NASCAR & Auto Racing

Jeff Gordon gets special gift for his final race at Kansas Speedway

Students from the North Kansas City Auto Tech school made a replica of Jeff Gordon’s first quarter midget car and presented it to him on Friday at Kansas Speedway.
Students from the North Kansas City Auto Tech school made a replica of Jeff Gordon’s first quarter midget car and presented it to him on Friday at Kansas Speedway.

Jeff Gordon was 4 years old when his stepfather, John Bickford, parked a couple of quarter midget race cars in the driveway of the family’s East Vallejo, Calif., home.

He told Gordon and his sister, Kim, to peek out the window. It was love at first sight for Gordon.

That was the spring of 1977 — well before anyone could predict the Hall of Fame-worthy career Gordon would embark upon, beginning in the Sprint Cup ranks in 1992.

Even if Gordon doesn’t really remember that car, except from the family scrapbook, he maintains great reverence for “The Fuzz Car,” so named because the paint on it was a nylon coating Gordon said felt like fur.

“It was the strangest thing,” Gordon said, “so we called it ‘The Fuzz Car,’ because it was fuzzy. We won some races with that car, so it’s got a lot of history.”

Gordon ran a few Quarter Midgets of America races in it during the summer of 1977 before moving up to more powerful rides.

Bickford loaned the car to an acquaintance in 1978 and never got it back, according to an interview with The Press-Democrat in Santa Rosa, Calif.

Nearly 40 years later, the search for Gordon’s first ride continues.

“Obviously, that car being the very first car I ever drove, it would be pretty meaningful to have,” Gordon said. “We’ve been out there on social media hunting for it.”

Details are sketchy. Manufacturing details aren’t available and there are no sales records to attempt to trace.

Aside from the unique paint, which may or may not have been buffed away, the only other identifying characteristic of Gordon’s first race car is the aluminum front axle Bickford once welded after it cracked.

Kansas Speedway needed a gift to give Gordon, who will retire from driving full-time on the NASCAR Sprint Cup circuit after the season.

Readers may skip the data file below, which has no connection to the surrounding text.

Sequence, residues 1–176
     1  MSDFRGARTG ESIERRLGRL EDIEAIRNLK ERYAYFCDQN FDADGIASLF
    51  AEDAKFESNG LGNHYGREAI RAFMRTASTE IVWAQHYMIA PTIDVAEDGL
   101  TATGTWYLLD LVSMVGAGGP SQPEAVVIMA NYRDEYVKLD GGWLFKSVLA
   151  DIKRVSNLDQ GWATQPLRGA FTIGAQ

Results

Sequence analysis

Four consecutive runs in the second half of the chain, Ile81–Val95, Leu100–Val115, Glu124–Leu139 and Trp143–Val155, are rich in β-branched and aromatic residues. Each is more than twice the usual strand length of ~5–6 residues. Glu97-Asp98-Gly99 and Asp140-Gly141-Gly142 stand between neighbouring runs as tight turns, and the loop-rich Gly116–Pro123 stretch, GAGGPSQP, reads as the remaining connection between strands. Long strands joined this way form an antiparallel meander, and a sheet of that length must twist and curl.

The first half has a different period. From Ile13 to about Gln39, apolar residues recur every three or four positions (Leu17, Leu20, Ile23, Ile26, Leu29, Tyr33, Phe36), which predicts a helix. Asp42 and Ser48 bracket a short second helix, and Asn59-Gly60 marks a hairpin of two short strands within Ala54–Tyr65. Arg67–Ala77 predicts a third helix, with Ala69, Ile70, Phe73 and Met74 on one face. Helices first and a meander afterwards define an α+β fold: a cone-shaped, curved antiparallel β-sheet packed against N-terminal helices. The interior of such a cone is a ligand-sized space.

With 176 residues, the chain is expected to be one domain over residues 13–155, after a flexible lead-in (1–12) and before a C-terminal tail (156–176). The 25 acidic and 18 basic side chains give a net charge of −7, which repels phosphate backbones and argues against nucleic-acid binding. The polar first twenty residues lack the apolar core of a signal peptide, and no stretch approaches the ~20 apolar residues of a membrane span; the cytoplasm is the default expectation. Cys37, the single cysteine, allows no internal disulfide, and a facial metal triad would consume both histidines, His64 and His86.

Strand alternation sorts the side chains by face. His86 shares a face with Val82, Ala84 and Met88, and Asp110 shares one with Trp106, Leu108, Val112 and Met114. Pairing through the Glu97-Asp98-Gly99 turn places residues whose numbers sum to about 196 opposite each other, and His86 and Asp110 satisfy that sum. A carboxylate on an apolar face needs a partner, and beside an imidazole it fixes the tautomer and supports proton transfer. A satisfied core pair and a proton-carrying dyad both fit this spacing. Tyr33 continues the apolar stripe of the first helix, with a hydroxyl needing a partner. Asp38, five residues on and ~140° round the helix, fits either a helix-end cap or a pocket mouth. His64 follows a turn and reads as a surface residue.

Gordon put Kansas Speedway on the map by winning the first two Cup races in track history in 2001 and 2002. He also claimed the checkered flag at the inaugural night race in the spring of 2014.

“We didn’t want to do a rocking chair,” Kansas Speedway president Pat Warren said. “I wanted to do something that would somehow either connect to him personally or connect to the track.”

Warren said plans to paint the infield turf with Gordon’s car number, the iconic 24, and incorporate it into the start/finish line had been made.

The track also decided to pass out commemorative “24” pins to the first 24,000 fans through the gates for the Hollywood Casino 400, which starts at 1:15 p.m. Sunday on NBC.

Additionally, poster-size pictures from Gordon’s track record-tying three victories at Kansas Speedway, which fans are invited to sign and will be delivered to Gordon, will be displayed throughout the grounds.

But Warren wanted to do more.

Students at the North Kansas City School District’s Career & Technical Education Center had made custom-built pedal cars for Hector St. John and 98.9 The Rock morning show host Johnny Dare.

St. John, a world champion motorcycle racer and motorcycle racing instructor at Heartland Park Topeka, is Warren’s friend. The track has given pedal cars to pole winners before and a thought crystallized.

“We were talking about some things and just thought, ‘Wouldn’t it be great if we could build a custom pedal car for Jeff Gordon as a gift,’ ” St. John said. “… It was just perfect. I felt like it would be something, especially with students making it, that really fit the character of Kansas City and the Kansas Speedway.”

St. John reconnected with Jack Stow, a A.S.E. certified master automobile technician and a teacher at North Kansas City’s technical school who’d overseen the pedal cars for made for him and Dare.

There were fewer than two months before Sunday’s race when St. John called Stow.